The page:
“Everyone's favourite neighbourhood restaurant, now with star power!” declares one long-term admirer. Over the last decade, Trinity has grown from local gem to Michelin-gonged destination – thanks largely to chef-patron Adam Byatt and his team, who have created a genuinely bespoke experience here. The kitchen delivers a procession of “sublime” dishes well worth their accolades, from mini éclairs filled with rich, buttery cep mousse to the restaurant’s celebrated steak tartare – chunks of almost gamey Angus beef, mixed with pickled mushrooms, Daurenki caviar and smoked bone marrow, served in a vintage caviar tin. Elsewhere, pillow-like ravioli are filled with a fluffy, flavour-packed scallop and lobster mousse, while pink grouse breast comes dressed with hazelnuts and lardo, alongside creamy sweetcorn polenta and elderberries. To finish, the wobbly salt custard tart with salt caramel ice cream has us all a-quiver. Drinks are equally enticing, so sniff out the subtly hopped Trinity Ale or plump for a “gloriously different” G&T. The whole show takes place in a handsome room done out with parquet flooring, white tablecloths and muted colours, while service is deemed “amazing” and “delightful”.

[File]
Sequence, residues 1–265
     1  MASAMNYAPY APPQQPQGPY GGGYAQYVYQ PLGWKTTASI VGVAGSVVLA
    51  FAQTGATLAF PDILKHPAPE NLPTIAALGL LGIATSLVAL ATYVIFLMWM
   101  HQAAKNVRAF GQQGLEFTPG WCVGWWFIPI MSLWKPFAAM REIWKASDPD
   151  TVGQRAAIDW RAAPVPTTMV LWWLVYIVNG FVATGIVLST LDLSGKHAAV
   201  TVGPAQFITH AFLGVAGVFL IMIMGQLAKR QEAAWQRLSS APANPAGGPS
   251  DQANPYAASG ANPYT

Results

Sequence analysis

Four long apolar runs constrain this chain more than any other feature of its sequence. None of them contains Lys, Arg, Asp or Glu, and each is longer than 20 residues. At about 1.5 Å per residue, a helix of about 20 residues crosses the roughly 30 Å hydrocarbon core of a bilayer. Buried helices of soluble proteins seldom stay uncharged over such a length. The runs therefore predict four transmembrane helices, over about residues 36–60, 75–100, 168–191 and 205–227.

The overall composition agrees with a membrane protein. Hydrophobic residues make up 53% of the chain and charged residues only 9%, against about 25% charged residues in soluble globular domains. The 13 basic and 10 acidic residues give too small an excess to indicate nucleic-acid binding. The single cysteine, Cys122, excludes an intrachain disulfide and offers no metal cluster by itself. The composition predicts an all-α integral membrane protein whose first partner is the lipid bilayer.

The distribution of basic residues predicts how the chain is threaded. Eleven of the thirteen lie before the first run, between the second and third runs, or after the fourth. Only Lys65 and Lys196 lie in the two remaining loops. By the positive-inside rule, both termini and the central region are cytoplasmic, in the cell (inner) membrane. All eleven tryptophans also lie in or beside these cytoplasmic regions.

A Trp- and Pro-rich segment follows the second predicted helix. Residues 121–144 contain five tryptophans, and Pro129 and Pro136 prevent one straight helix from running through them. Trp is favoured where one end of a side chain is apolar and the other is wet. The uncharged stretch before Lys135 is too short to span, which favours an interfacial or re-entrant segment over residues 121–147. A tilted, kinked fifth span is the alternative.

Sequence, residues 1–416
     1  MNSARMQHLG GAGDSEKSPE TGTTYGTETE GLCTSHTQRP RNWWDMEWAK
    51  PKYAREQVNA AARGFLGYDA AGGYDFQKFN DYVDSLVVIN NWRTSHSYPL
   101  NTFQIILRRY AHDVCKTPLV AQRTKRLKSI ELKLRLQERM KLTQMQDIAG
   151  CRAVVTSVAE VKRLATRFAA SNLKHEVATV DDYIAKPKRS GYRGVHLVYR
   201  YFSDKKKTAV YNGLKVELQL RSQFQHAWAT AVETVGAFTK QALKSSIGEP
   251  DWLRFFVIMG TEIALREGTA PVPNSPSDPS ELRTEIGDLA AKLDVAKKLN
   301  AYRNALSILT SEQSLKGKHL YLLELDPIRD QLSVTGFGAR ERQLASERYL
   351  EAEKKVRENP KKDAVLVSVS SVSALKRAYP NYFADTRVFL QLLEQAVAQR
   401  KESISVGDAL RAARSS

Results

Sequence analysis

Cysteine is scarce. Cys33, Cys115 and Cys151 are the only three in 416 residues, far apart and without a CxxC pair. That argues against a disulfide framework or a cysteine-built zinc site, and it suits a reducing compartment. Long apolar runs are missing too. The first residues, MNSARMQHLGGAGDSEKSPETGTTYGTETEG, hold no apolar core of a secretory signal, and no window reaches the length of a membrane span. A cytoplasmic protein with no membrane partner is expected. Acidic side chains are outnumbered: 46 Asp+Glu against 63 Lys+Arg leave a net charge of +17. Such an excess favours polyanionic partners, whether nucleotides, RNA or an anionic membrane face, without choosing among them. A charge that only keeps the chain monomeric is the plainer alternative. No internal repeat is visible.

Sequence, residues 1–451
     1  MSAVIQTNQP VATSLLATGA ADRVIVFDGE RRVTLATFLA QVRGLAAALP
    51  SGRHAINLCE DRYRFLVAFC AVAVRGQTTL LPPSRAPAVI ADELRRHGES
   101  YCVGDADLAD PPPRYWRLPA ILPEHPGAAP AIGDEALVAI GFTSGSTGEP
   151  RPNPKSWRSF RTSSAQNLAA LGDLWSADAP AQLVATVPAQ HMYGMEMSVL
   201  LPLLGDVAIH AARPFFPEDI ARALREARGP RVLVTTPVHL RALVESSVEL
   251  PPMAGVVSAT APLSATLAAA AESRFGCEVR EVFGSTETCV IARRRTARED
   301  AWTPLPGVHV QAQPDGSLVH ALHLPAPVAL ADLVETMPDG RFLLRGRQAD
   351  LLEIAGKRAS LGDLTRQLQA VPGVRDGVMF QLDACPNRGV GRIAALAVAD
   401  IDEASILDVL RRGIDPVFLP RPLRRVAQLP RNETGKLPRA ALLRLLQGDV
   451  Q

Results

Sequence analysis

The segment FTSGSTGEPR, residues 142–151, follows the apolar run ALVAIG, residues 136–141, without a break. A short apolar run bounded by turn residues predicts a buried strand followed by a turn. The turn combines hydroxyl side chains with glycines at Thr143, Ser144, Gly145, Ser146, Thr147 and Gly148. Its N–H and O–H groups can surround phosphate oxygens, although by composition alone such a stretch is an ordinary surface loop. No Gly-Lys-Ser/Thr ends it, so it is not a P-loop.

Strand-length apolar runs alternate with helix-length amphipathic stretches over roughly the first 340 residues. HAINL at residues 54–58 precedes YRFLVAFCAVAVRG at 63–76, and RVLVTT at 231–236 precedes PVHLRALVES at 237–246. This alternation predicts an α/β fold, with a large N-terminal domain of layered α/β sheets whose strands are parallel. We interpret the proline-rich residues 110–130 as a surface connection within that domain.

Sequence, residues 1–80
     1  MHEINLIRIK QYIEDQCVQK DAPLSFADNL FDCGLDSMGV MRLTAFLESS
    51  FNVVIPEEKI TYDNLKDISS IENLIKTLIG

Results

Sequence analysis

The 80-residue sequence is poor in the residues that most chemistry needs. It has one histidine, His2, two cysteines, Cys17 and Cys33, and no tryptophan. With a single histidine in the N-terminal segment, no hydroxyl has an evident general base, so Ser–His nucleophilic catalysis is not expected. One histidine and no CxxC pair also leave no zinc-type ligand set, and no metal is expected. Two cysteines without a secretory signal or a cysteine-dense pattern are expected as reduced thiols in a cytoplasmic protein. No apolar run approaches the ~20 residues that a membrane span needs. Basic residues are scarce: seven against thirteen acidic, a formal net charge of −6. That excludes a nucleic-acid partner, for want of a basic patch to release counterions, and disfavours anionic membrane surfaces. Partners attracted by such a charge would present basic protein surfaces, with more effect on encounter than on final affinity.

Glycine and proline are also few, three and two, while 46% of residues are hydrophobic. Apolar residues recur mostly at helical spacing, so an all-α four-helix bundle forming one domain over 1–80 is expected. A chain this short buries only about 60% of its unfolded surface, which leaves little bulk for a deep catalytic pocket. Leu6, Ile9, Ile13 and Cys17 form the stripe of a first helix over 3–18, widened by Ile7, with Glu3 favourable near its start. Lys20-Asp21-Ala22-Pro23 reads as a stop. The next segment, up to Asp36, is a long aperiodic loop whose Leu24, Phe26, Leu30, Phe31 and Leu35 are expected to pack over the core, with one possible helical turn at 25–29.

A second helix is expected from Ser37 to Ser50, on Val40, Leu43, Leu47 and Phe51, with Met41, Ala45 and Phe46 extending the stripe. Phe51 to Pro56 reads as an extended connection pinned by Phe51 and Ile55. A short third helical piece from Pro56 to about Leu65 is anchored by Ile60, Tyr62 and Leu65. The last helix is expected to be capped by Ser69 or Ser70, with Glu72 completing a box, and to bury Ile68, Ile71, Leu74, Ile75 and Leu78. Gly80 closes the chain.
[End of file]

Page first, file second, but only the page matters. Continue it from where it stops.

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£30 - £49
15 The Pavement, London, SW4 0HY
This totally on-trend tapas bar comes from chef-of-the-moment Robin Gill, who has transformed the old deli attached to his big-hitting Dairy into a 15-seat temple to inventive cooking, with just one chef behind the counter and one person out front. Counter Culture takes bookings, it’s BYO and it’s great value too. Standouts from the eight-dish menu are many and varied: earthy salsify ketchup, scooped up on a Quaver-like curl of pork crackling; a jumble of beef tartare, caviar and radishes, all gleefully rubbed around the plate to mop up bone-marrow salad cream; charred mackerel with spiced cabbage and capers. Virtually nothing goes to waste and nearly everything is made on site using labour-intensive methods – check out the curing room and smokehouse, shelves of fermenting bottles and beehives on the roof. The restaurant’s website calls Counter Culture ‘The Dairy’s naughty little brother’; we’d add that it’s also very nice.